The "Y" tight end means in-line. The "F" tight end is usually moved around more. He can line up in the backfield as a fullback, or move around, and even line up in the slot. Thomas is referring to the inclusion of tackle, Paul Cornick, in the Broncos "jumbo" 12 personnel sets lately, along with Green. (2 TE, 2 WR, 1 RB).

The offense could still be quite effective with Thomas in the game, especially in play-action. The Broncos struggled in the redzone vs the Chiefs, but having Thomas in the lineup would likely change that. It'll be interesting to see how it plays out, once he is healed. For now, the Broncos will ground and pound on the heels of their best blocking tight end; Virgil Green.

Starting Field Position A Concern For The Defense

Brandon McManus might not have been much of a field goal kicker, but he could boot the ball out of the back of the endzone with ease and regularity. He was one of the best in the league in that regard.

Although Barth went 5-of-5 on FG attempts vs the Chiefs, he failed miserably in kicking touchbacks. He kicked off a total of 8 times. On the ensuing possession, the Chiefs averaging starting field position was at their own 32-yard line.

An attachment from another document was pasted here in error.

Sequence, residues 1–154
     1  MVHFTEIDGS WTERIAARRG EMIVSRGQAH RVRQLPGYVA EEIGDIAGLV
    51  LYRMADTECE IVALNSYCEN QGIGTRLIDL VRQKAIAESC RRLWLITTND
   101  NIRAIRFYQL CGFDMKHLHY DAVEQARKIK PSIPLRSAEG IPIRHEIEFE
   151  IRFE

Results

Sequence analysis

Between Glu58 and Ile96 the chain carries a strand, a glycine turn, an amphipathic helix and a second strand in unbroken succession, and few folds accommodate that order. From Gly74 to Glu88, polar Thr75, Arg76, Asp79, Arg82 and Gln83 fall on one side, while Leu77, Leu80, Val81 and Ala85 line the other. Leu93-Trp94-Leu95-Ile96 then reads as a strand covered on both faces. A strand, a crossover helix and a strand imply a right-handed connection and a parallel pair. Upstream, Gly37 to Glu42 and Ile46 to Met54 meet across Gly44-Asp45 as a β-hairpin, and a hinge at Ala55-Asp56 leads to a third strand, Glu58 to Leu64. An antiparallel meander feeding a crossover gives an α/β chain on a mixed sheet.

Not good. Now, it must be said that the conditions were not ideal. When the game started, it was 23 degrees out, with wind gusts. Couple that with low elevation and it stands to reason that kickoffs wouldn't travel as far as they would in the Mile High air, or in a dome.

Until I see Barth handle kickoffs at home, I'm going to reserve judgement. But it is a very valid concern. When a team's average starting field position is beyond the 30-yard line, it can put inordinate pressure on the defense. Going down the stretch and into the playoffs, the Broncos don't need that. Hopefully, the coaches have an answer, if Barth can't get it done at home.

Jack Del Rio Finally Dialing Up The Blitz

There have been complaints in Broncos Country that the offense has been too predictable at times this year. They've turned that trend around of late, but there's no question that the defense has also been predictably complicit in its own right.